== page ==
The Call to God’s Kingdom
And it came to pass, that, as they went in the way, a certain man said unto him, Lord, I will follow thee whithersoever thou goest. And Jesus said unto him, Foxes have holes, and birds of the air have nests; but the Son of man hath not where to lay his head. And he said unto another, Follow me. But he said, Lord, suffer me first to go and bury my father. Jesus said unto him, Let the dead bury their dead: but go thou and preach the kingdom of God. And another also said, Lord, I will follow thee; but let me first go bid them farewell, which are at home at my house. And Jesus said unto him, No man, having put his hand to the plough, and looking back, is fit for the kingdom of God. – Luke 9:57–62
The time had come in Jesus’ public ministry when he was turning his gaze to Jerusalem. His time of public ministry was coming to an end, and He was well known throughout the land. He many times had a multitude traveling with him.
Luke records for us three different individuals who were nearby when Jesus was traveling. One volunteered to Jesus that he would follow Jesus wherever He went. The reply of Jesus was a comment that foxes and birds have places to live, but the Son of man does not have a place where to lay His head. This does not sound like a welcoming or inviting response. However, our Lord and Savior knew the hearts of all men. Did He hear the self-assurance of one who thought he could follow Jesus by his own ability, courage, and understanding? Jesus’s words to the man point out that following Him, Jesus, means ‘denying oneself, and the need to take up the cross and following him’ (Matt. 8:34).
One’s Own Understanding Leads Nowhere
One’s own ability and understanding may bring one a short distance, but the end is often unfortunate: “There is a way which seemeth right unto a man, but the end thereof are the ways of death” (Prov. 14:12). Peter, on Maunday Thursday evening, promised Jesus, “Lord, I am ready to go with thee, both into prison, and to death” (Luke 22:33). Peter’s self-assurance resulted in him being found in the place of one who denied his Lord and Savior.
Another man heard the invitation from Jesus to “follow me.” He responded with the request to first go bury his father. Jesus replied to “let the dead bury their dead: but go thou and preach the kingdom of God.” Jesus does not disregard the death or burial of loved ones; in fact He wept with Mary and Martha over the death of their brother Lazarus (John 11:33). Here He wanted to remind that the preaching of God’s kingdom goes forth to those who are yet living here on earth – those who have passed away have no ability to change their fate, as the rich man in the parable realized too late (Luke 16:19–31). This is why Jesus has sent His own, to preach repentance and the forgiveness of sins, in His name (Luke 24:47), saying, “the kingdom of God is come nigh unto you” (Luke 10:9).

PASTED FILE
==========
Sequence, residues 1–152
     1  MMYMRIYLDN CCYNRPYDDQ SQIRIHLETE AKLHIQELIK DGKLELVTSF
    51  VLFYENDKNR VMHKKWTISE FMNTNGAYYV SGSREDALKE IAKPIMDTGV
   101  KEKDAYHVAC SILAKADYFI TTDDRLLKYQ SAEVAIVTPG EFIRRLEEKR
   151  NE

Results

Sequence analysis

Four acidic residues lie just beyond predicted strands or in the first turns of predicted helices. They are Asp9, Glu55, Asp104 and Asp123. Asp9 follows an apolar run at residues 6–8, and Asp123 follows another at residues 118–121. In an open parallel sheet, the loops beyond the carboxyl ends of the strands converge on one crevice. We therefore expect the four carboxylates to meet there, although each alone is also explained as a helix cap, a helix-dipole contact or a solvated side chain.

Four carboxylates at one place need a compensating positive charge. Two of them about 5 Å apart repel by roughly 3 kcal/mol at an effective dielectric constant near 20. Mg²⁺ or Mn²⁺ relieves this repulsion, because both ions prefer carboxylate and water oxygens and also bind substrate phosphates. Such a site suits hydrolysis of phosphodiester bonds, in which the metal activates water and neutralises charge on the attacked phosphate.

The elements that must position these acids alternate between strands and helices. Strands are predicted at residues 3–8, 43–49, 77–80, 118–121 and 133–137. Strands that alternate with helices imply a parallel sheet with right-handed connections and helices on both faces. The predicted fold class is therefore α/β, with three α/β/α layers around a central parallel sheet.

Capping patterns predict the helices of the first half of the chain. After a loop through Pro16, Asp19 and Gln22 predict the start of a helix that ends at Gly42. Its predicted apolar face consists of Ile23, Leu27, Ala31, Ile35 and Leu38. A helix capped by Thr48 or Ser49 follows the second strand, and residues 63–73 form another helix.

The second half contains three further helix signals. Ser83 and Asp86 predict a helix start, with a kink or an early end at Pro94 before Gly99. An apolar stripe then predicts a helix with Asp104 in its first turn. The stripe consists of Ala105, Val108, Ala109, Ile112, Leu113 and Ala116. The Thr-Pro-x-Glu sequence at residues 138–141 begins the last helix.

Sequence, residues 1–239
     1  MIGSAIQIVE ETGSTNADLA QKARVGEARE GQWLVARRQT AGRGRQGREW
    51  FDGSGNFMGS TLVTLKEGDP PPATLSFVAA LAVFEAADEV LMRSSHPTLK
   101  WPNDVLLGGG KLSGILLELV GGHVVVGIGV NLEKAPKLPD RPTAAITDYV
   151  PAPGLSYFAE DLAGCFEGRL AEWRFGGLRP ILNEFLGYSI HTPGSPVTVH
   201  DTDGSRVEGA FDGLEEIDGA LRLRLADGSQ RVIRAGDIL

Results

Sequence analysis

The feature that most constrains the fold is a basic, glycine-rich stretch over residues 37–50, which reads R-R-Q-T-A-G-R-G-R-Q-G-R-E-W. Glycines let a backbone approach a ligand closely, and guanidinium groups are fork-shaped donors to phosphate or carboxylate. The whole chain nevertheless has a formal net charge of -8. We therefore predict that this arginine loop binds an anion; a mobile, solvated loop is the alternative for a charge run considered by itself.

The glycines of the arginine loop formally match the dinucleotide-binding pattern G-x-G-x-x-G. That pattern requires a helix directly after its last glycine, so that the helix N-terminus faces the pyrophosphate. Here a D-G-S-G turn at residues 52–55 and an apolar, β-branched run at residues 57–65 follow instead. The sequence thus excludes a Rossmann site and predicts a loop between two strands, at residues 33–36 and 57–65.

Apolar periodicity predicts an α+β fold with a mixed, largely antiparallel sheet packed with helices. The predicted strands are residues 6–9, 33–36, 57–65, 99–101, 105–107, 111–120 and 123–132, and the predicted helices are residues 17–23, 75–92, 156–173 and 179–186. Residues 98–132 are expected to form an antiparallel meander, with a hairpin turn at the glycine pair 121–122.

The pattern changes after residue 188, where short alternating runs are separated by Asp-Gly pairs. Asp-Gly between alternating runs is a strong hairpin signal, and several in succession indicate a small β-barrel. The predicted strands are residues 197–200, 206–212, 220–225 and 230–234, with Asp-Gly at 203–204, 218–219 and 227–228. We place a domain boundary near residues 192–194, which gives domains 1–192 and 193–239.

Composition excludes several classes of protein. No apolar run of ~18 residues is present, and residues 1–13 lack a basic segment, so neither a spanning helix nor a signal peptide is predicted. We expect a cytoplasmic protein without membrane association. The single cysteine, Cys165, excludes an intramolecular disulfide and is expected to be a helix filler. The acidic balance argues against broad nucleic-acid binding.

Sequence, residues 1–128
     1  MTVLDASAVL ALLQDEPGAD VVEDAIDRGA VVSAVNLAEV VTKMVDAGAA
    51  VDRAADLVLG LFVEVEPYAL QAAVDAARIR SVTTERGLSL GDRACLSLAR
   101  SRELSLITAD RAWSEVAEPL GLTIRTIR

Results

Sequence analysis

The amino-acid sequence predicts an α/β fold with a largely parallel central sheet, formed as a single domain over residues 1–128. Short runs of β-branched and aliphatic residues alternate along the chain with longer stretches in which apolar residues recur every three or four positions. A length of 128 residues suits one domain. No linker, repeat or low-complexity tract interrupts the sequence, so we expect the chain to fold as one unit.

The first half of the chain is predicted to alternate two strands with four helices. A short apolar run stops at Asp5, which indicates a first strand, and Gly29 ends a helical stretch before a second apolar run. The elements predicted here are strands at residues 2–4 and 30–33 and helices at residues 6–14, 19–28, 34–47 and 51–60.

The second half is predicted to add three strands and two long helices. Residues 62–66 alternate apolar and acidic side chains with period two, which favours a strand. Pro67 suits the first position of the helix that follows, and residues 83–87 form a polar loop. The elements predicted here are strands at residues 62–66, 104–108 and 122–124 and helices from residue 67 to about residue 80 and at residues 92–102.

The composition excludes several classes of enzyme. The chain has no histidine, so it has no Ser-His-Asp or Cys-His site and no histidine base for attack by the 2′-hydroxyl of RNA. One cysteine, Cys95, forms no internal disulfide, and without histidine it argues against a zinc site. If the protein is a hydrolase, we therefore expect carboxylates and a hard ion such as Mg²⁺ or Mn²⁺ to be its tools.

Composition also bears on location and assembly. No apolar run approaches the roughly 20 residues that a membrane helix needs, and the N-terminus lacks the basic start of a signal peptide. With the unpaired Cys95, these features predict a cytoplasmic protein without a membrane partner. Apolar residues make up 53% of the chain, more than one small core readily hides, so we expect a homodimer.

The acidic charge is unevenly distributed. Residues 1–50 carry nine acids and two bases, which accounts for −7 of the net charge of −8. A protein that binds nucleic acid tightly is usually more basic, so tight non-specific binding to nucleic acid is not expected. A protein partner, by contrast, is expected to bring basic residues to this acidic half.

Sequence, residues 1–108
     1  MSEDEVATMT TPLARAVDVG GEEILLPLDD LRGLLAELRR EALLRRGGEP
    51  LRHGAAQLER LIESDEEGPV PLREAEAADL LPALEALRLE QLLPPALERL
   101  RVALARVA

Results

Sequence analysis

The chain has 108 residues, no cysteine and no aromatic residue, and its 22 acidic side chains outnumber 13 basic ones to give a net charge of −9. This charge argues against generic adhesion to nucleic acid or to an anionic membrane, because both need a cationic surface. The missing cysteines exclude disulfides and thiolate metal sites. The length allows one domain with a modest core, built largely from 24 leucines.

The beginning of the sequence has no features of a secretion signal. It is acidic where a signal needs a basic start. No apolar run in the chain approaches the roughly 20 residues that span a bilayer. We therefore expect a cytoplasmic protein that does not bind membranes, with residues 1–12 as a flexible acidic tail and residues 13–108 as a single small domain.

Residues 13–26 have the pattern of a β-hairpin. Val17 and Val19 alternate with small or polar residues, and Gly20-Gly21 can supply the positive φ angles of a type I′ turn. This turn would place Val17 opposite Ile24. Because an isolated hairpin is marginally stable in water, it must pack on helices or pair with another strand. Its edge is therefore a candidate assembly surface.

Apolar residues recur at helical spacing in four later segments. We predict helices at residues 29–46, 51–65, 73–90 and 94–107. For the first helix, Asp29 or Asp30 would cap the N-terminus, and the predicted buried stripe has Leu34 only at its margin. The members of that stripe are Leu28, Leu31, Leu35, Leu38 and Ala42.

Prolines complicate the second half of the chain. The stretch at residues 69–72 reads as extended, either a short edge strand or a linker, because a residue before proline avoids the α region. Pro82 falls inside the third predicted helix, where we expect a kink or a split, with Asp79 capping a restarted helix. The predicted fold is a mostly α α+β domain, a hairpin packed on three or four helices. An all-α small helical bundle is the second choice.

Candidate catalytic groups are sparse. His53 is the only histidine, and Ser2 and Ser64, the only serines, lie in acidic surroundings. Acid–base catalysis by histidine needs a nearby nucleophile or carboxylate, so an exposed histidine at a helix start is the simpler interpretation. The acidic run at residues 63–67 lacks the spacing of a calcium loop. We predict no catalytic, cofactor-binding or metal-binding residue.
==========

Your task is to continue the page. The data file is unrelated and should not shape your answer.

Keep the Gaze on the Goal
The third man heard the call to come follow the Lord Jesus, and said “Lord, I will follow thee; but let me first go bid them farewell, which are at home at my house.” Jesus replied, “No man, having put his hand to the plough, and looking back, is fit for the kingdom of God.” The use of a plough to till the soil for planting must have been familiar. When guiding a plough, one needed to look ahead to ensure the rows were straight. The best way was to look to the destination, the end of the row. If one’s gaze turned away from the goal, the plough would turn off the path as well. This metaphor serves to highlight the place our faith must have in our lives.
Jesus’ words also remind of the first commandment: “I am the Lord thy God… thou shalt have no other gods before me.” If something or someone becomes more important than God, it has become a false god. Jesus Himself said, “He that loveth father or mother more than me is not worthy of me: and he that loveth son or daughter more than me is not worthy of me” (Matt. 10:37). Even family relations, those whom we live with and are closest to, cannot be more important than the gift of faith.
These examples show us how important it is to take heed and pay attention when we hear the call into God’s kingdom. The call into God’s kingdom is unconditional. When the disciples Peter, James and John heard the call, they forsook all, and followed him (Luke 5:11). Nothing remained more important than following the Lord and Savior. When we begin to place conditions on our entry into God’s kingdom, the call is not accepted. We cannot demand God to show us our errors or prove to us why we are not correct. Rather, as the Holy Ghost says, Today if ye will hear his voice, Harden not your hearts! (Heb. 3:7,8). He that hath ears to hear, let him hear what the spirit says to the churches (Rev. 2:7) The gospel of God’s kingdom is also unconditional. To the poor, the gospel is preached (Matt. 11:5). The preaching of God’s kingdom is sweet and beautiful (Isa. 40:9).